How to write a good dating profile Free online x rated chats
So, lets look at a few typical examples of bad profiles: “I am not good at writing about myself, but my friends say that I am intelligent, professional, educated and ambitious. I am looking to a meet an intelligent, beautiful woman for dating and relationship.” – at first, this looks like a well-written profile by a guy who seems to have head on his shoulders. There is nothing “catchy” about this profile – there is nothing that would compel a reader to stop and respond to it.However, it has one major flaw that will make many women skip over it. Lets look at another bad profile: “I went to school in the east coast, but now I work for a major software company where I work up the corporate ladder. I love hiking, watching baseball, and bbq on weekends.” – the writer must be reminded that this is a dating profile – not a resume or a sales presentation in front of his human resources department. as a rule, you should never start your profile by talking about school or work, as it’s not interesting and not really relevant to what you should be trying to achieve – to catch a woman’s attention.” “I love to have fun, party, dance, and drink of my buddies.y fundamental approach to profile writing is to show not tell.This means demonstrating who you are by what you do.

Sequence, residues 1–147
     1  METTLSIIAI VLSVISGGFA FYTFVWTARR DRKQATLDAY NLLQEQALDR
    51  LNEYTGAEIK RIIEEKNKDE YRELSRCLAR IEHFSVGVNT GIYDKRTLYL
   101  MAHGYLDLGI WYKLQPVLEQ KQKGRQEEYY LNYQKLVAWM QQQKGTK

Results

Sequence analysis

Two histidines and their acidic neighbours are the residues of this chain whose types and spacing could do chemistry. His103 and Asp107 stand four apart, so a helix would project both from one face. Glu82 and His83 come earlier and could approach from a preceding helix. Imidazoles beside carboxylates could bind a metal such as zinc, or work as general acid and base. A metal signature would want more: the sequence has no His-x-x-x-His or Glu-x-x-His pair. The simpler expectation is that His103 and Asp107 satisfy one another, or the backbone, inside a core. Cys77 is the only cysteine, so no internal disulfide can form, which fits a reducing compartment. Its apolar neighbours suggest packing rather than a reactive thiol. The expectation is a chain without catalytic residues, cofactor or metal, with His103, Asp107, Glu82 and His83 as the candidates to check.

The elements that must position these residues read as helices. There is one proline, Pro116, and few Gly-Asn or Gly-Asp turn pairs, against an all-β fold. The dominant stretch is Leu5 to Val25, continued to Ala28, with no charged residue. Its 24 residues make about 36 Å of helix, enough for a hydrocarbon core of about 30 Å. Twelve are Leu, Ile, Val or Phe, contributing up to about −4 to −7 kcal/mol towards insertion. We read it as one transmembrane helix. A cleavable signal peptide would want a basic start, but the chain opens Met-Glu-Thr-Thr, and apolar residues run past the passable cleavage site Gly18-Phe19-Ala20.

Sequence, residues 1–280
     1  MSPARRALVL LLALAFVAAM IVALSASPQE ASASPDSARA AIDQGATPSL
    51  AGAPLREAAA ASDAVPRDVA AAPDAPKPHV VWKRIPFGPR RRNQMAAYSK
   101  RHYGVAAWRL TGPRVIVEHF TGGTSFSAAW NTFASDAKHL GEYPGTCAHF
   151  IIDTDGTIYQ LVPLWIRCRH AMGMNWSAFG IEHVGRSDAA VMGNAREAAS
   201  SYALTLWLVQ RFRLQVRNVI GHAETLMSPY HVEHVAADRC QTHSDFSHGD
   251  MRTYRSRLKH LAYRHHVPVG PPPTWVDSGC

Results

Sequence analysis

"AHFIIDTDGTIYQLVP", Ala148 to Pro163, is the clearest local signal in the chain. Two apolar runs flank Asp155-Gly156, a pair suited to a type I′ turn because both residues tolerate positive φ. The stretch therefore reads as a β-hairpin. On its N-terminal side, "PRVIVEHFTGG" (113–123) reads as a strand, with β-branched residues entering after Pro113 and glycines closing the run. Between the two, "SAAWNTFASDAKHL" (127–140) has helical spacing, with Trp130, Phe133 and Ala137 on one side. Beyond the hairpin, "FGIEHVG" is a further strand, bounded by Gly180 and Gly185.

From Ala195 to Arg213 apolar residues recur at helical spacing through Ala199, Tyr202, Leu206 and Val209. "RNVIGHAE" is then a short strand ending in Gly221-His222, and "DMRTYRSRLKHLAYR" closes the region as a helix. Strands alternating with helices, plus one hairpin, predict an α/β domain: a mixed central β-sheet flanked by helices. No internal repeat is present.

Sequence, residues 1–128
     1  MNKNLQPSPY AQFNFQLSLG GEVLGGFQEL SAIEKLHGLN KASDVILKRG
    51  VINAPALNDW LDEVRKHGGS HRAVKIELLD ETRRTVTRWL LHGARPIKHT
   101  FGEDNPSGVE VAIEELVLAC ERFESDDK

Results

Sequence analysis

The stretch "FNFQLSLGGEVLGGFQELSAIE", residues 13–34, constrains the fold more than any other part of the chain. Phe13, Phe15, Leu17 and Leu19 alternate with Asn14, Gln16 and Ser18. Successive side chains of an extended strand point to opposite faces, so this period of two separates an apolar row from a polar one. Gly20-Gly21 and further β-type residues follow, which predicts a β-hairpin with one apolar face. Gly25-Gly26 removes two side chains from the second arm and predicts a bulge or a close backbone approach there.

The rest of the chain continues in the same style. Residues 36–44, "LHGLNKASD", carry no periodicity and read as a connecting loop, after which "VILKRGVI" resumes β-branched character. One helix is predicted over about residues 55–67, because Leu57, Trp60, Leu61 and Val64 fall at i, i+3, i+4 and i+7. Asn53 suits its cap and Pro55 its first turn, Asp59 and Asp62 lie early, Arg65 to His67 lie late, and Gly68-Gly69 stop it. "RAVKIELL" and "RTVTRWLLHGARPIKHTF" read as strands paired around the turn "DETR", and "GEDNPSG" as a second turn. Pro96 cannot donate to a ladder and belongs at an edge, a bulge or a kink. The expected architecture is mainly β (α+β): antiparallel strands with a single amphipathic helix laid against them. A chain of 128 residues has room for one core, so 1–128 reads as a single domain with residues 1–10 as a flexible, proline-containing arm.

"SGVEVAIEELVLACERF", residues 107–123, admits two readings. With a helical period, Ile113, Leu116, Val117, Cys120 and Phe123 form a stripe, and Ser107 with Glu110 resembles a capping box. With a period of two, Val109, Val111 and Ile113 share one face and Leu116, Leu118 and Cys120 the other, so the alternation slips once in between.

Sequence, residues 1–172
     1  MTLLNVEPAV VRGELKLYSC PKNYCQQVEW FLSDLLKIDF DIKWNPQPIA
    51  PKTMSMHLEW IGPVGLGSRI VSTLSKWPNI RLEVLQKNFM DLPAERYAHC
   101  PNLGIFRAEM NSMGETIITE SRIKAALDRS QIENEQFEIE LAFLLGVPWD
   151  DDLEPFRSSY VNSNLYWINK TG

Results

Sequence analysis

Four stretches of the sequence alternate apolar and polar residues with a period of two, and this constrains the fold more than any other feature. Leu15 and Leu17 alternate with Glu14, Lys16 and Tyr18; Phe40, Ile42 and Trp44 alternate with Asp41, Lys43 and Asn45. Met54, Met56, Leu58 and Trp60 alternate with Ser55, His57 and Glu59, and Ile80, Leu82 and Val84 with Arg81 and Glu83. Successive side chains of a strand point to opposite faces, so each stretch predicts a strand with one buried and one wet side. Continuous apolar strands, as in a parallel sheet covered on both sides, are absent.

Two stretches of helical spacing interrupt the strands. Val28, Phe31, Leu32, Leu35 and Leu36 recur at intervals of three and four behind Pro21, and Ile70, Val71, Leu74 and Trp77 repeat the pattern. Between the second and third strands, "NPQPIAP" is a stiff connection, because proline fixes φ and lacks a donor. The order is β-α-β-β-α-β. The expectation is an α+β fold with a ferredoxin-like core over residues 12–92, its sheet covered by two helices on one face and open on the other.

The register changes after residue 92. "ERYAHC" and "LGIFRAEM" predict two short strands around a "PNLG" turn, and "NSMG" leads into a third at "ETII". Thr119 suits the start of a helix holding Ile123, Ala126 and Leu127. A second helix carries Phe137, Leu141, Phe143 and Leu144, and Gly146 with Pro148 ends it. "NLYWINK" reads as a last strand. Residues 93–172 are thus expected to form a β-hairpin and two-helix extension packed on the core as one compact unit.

Now, lets look at an example of a profile that will stand out through both the way they are written and their content.
Props that make you feel soulful, frisky, and fascinating help you make those claims for yourself in your ad. It might sound obvious, but be sure to post a terrific photo of yourself. More to the point: I wanted to attract a man who appreciated subtlety.
If you're not comfortable putting your picture up online, avoid overselling your appearance with dubious claims like "Sharon Stone look-alike." I started my magazine personal with: "Curvy, almond-eyed writer, fit (good shoulders)...." My husband says he was attracted to the soft sell of the description and the quirky confidence of the assertion.
The opening paragraph has three parts – the setup the problem the fix.
We are going to leave behind sentences that start with “I am …”, “I love…” or “I enjoy…” and look at things from a different perspective.